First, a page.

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East/West: Analysis From Washington: Politics, Economics And National Security

Washington, 23 July 1999 (RFE/RL) -- Closer economic ties among the countries of Eastern Europe may promote both greater political cooperation among them and enhanced national security for each.

But such ties may also exacerbate political conflicts within each of the countries involved and increase the ability of one country to expand its influence on the other.

And because closer economic relations can have such different consequences, many countries in Eastern Europe have moved carefully either to reorient their trade toward new partners or to ensure that any trade with their former partners is balanced by trade with new ones.

Both these possibilities and these calculations were very much on public view yesterday (Thursday) when crude oil from the Russian Federation was loaded on a tanker at Lithuania's Butinge terminal for eventual sale to Western customers.

As any number of speakers at the ceremony marking this event pointed out, this new route west for Russian oil benefits both countries and thus encourages cooperation between them. Russia obviously gains needed cash from the sale of the oil.

And at the same time, Lithuania gains from both transit fees and the interest of the Russian firm involved - in this case, the Yukos oil company - in not allowing politics to disturb the flow of oil in one direction and dollars in the other.

Lithuania also gains because Yukos sales effectively reduce the dominance of the Russian oil firm Lukoil in the Baltic states. In the past, Lukoil has used its clout to promote Moscow's political interests there either by playing one Baltic country against another or by demonstrating the dependence of each on income from the sale of Russian oil.

But just below the surface at the Lithuanian celebrations were some serious concerns that this new flow of oil could have other, less positive consequences not only for the relations between these two states but also for the domestic politics of each.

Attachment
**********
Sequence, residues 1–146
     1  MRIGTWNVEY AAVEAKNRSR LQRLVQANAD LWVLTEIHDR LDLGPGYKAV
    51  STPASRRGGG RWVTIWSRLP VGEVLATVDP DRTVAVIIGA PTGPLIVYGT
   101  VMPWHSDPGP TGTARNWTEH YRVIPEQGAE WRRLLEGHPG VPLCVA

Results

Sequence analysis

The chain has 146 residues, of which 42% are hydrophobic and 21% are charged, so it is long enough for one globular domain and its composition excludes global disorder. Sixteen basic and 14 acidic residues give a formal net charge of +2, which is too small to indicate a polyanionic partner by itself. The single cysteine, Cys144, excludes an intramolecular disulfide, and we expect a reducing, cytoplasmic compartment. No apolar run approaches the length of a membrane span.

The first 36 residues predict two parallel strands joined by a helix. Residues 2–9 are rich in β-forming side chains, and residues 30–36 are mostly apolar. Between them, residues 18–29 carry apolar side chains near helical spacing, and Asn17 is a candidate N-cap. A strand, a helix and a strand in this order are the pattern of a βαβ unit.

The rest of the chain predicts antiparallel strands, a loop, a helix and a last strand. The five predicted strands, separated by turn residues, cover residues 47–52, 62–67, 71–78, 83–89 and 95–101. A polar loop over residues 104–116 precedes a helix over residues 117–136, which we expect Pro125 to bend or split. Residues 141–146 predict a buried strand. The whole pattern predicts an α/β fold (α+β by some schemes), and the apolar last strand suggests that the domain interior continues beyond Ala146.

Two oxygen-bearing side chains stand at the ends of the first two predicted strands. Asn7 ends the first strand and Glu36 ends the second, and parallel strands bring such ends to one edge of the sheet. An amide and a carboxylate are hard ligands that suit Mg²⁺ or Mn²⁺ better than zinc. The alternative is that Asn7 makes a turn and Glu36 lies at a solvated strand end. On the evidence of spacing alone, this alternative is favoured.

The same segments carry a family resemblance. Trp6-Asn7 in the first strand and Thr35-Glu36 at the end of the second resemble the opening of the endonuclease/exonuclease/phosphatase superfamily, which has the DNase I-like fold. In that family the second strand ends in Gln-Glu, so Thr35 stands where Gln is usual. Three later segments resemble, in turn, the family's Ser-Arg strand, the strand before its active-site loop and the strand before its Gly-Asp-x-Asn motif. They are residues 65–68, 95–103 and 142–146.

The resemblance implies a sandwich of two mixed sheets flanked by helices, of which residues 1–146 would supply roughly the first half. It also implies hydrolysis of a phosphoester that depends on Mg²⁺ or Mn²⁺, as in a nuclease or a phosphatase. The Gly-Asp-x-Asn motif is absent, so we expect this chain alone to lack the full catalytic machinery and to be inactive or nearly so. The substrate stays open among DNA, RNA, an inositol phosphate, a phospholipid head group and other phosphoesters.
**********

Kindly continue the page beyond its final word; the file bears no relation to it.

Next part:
While both sides benefit from this flow, they do not benefit in the same ways. Lithuania gains both income and Western interest in the flow of oil, something many in Vilnius hope to translate into greater national security. But at the same time, Russia potentially gains a new and more internationally acceptable means of political leverage on Lithuania.

On the one hand, many in Lithuania may become reluctant to upset a situation from which they are benefiting by taking steps which Russia disapproves. And on the other, Moscow may use its influence over Russian firms to demonstrate its ability to dominate its smaller neighbor.

These factors alone would have made calculations about the benefits of such oil flows difficult for both sides. But in this situation, as in so many others, the realities on the ground are even more complicated, a pattern that makes any decisions about what to do even more problematic.

For the past several years, Lithuania has sought both to export crude oil directly via Butinge and to refine Russian oil at its Mazheikai facility, a state-owned enterprise that many in Vilnius have sought to sell to a major U.S. firm.

As of this week, Russian crude is now flowing to Butinge. But Lukoil, which hopes to block the sale of Mazheikai to the Williams company, has alternatively turned on and off the supply of oil there, limiting the operation of the refinery and preventing the completion of a pipeline from there to Butinge.

Even more, Lukoil's actions, which appear to many Lithuanian observers to reflect Russian state policy, have slowed down Williams' effort to acquire the refinery by leading some to conclude that selling the firm to Williams might mean that no oil would flow.

The start of the flow of Yukos oil through Butinge this week could either weaken the resolve of Lukoil or it could lead that Russian company to redouble its efforts to expand its economic and political influence there by old methods or new.

And all this in turn suggests that yesterday's event was less a final resolution of the political, economic and security tensions between Lithuania and the Russian Federation than the creation of yet another, albeit potentially more friendly forum on which such tensions may play themselves out in the future.